Hello Everyone! As I’ve mentioned, I am making the Moda Blockheads 6″ Block of the Week. I really like Block 5, designed by Lisa Bongean, and I have made it before in a larger size, but it has 58 pieces! In a 6″ block! So what to do? Make all those tiny squares for the HST, draw a line, then sew on each side of the line, and hope everything lines up okay?
Lisa gave alternate cutting directions for both the HST, using triangle paper, and the flying geese, by cutting triangles and sewing them to the rectangles. You can find the pattern and her directions here.
The problem was, I don’t have small enough triangle paper to use and I don’t get the accuracy needed making flying geese that way. Then I thought about my Half Square Triangle Ruler that I haven’t used in a while. I’m not sure why, because it makes very accurate HST.
I also got out my flying geese ruler to use which makes four flying geese at a time. (Please excuse my scorched ironing surface, it’s not quite as bad as it looks in the picture). To start with, I needed to readjust the cutting directions. Lisa made alternate cutting directions for using her triangle papers and she gave finished sizes of the units on her blog post, which is always handy.
After picking out my fabrics, I used Lisa’s directions as a starting point. Then I rough cut the pieces and starched. Starched a lot.
I let the pieces almost get dry, then pressed to completely dry them. I usually give my fabrics a light starch for making these smaller blocks, but several of the Blockhead designers said starch, starch, starch. Lisa has a starch tutorial here.
To make the HST units, I put my two strips for the HST right sides together with the light on top. Then cut them 1 1/4″ wide. Lisa indicated the 4-patch unit was 2″ unfinished, so 1 1/2″ finished. That means each square in the 4-patch unit is 3/4″ finished. Add 1/2″, so each square has to be 1 1/4″ unfinished. (You also know this because the squares for the unit are cut 1 1/4″. But this is how you determine the size if it’s unknown).
To use the HST Ruler, clean up you edge, then place the bottom of the ruler on the bottom edge of your strip set. Place the vertical edge on the mark that corresponds to the width of your strip, 1 1/4″ in this case. Make you cut. The cut piece will have a flat edge on the top.
Next, flip the ruler on the long edge. Line up the bottom edge of your strip with the Bottom Marking Line and the top edge with the 1 1/4″mark. Then cut. Keep repeating until all the squares are cut. Be careful when moving your pieces, they are ready to sew, you don’t want them to shift.
You can see how the pieces fit neatly together. Using the ruler eliminates marking lines and multiple sewing passes. It was definitely quicker and more accurate then the standard way. Using the paper would also be accurate and if I known in advance that it would be needed, I might have ordered some, but the ruler worked well.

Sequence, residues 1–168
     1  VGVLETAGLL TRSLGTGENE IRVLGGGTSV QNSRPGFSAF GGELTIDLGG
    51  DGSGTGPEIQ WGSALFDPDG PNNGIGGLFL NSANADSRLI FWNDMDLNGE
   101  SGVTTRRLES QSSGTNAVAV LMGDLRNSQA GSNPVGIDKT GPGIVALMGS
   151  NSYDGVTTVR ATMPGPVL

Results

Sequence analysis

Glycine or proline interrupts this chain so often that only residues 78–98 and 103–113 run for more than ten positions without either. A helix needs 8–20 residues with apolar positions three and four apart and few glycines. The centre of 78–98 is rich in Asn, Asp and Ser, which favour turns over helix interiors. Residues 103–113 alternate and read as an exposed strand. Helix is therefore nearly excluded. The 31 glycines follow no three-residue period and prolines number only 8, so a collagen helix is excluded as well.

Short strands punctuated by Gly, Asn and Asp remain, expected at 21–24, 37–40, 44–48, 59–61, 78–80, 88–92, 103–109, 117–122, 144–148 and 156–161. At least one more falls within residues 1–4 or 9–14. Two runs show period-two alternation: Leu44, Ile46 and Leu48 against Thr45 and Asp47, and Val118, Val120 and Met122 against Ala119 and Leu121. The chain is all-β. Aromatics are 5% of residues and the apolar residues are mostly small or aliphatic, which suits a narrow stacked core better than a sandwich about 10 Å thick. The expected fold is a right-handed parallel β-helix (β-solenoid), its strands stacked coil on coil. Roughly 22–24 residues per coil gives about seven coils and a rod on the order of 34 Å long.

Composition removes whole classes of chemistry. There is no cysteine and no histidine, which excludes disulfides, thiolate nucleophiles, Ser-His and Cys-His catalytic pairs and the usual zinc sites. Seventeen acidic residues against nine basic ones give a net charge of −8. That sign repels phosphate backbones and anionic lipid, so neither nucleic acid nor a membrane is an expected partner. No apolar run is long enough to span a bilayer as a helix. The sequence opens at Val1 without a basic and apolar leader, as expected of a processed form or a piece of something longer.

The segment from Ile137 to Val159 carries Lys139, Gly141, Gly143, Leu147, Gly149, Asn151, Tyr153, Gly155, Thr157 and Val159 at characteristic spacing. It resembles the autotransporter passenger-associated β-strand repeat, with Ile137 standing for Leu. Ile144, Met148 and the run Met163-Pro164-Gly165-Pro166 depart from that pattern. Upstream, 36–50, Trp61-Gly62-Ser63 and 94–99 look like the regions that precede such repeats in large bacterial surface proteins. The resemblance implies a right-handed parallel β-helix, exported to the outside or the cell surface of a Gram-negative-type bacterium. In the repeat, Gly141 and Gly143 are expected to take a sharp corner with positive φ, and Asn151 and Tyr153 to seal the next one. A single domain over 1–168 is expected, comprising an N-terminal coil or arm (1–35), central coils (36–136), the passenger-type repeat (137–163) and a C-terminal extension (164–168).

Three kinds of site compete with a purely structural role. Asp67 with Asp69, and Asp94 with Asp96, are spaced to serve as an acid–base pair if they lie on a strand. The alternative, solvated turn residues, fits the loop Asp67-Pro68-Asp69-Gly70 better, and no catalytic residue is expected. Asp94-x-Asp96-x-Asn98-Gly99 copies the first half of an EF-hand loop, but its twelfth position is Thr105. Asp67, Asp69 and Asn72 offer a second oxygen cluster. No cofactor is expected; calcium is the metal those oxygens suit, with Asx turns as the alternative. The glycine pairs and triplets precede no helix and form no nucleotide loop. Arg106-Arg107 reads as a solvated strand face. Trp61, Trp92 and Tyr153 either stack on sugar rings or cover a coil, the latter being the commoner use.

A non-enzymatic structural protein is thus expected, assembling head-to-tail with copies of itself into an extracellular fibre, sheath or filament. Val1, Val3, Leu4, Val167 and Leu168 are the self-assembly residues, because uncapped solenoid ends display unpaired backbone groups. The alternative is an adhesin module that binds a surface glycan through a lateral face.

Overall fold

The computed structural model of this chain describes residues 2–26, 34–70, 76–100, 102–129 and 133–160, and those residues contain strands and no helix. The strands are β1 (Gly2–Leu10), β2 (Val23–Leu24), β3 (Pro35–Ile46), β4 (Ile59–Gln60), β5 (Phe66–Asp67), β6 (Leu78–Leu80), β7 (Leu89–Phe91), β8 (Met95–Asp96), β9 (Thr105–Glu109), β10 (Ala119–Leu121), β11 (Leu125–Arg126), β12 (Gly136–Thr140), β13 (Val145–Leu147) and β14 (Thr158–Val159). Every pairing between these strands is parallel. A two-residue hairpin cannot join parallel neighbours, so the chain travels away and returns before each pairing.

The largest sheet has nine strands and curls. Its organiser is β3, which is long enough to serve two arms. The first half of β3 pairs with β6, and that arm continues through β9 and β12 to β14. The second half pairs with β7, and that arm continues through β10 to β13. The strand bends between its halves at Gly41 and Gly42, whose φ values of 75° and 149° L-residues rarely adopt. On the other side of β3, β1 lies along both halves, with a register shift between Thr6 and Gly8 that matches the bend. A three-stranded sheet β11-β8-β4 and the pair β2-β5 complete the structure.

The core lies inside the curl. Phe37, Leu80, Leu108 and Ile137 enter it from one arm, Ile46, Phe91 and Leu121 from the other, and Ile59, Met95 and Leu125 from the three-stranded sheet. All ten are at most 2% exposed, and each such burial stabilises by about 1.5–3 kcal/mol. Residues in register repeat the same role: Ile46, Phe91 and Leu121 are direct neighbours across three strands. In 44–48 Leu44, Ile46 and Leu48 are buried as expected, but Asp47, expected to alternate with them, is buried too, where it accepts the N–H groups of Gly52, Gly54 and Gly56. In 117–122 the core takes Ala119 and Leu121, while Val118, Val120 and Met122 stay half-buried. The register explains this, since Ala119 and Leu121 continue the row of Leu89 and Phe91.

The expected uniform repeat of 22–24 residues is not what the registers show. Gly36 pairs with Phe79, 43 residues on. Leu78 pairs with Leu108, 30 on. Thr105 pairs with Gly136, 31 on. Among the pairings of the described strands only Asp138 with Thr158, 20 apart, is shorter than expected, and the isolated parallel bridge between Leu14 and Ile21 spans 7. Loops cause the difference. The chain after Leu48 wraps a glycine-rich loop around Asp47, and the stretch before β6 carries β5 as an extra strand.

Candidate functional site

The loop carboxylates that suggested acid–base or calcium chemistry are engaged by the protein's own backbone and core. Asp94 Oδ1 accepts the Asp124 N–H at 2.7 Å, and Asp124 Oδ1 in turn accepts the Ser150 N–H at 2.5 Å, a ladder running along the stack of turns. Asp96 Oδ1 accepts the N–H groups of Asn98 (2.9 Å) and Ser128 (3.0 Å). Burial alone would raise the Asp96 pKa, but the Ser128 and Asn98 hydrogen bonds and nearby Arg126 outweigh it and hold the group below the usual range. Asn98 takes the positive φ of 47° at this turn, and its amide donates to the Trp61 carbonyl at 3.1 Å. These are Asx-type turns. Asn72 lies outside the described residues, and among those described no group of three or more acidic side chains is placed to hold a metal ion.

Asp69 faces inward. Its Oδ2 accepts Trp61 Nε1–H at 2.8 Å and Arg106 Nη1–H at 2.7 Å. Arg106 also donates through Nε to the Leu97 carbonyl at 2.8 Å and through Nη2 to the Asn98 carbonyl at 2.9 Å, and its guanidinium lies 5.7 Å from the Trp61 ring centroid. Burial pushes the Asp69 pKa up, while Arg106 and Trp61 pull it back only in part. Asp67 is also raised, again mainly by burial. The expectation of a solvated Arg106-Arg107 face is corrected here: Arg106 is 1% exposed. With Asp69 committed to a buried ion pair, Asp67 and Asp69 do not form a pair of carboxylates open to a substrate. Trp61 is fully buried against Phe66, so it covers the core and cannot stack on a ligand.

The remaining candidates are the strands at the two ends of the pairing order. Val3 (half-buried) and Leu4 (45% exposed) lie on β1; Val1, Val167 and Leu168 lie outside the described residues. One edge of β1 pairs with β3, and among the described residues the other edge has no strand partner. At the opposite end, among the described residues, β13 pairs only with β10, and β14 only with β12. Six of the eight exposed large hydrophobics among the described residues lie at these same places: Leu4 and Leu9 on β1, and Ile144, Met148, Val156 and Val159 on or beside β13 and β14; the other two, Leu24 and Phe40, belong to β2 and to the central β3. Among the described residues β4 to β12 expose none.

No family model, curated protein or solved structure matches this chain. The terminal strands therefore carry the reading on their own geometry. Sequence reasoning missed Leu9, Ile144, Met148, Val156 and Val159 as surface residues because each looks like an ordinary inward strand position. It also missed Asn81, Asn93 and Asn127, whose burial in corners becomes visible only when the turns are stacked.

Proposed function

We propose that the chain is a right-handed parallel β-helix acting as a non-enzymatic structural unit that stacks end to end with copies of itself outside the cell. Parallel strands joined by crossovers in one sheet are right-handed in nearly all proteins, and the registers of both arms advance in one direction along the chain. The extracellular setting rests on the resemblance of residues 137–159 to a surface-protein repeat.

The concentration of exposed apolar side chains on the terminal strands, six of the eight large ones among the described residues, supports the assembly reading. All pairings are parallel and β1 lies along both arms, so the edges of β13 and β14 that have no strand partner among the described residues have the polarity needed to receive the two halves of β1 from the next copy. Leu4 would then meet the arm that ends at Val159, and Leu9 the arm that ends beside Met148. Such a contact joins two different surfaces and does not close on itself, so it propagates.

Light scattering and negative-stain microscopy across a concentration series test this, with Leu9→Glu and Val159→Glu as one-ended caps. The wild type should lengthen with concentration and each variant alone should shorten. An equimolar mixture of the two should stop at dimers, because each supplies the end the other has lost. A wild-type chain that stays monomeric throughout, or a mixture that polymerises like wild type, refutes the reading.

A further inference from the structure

Now to make four at a time flying geese.
You’re going to cut one large square and four small squares. With this ruler, you need to know your finished size. For this block, the large FG finishes at 1 1/2″ x 3″ and the small one finishes at 3/4″ x 1 1/2″.
My ruler has the markings for the different sizes, but you can use this method without the ruler. I’ve given the sizes for each of the squares on the sheet of cutting directions.
Mark diagonal lines on all the small squares. Place two squares on top of the large square and sew 1/4″ from marked line. I actually sewed a scant, scant 1/4 line which gave me just enough room to clean up the edges.
Cut on the line and press the dark pieces out.
Next, place the other small square on the light and dark piece as shown. Sew 1/4″ on both sides of the line. (Again, I did a scant, scant 1/4″) Cut on the line, press the dark side out, and now you have your flying geese. Trim them if necessary.
To keep all the units straight, I laid out the block. I made the 4-patch units, then continued with the official directions.
It took me much longer to make than the first four blocks did, but I was careful and didn’t skip any steps (starch!). Everything lined up pretty well, and there are a few crinkles, but I think part of that is because of the starch.
If you have these rulers and are like me, haven’t used them in a while, take another look at them. I think they saved me time and some frustration, especially working with the little pieces. Thanks for stopping by and let me know if you use this method to make your HST and flying geese.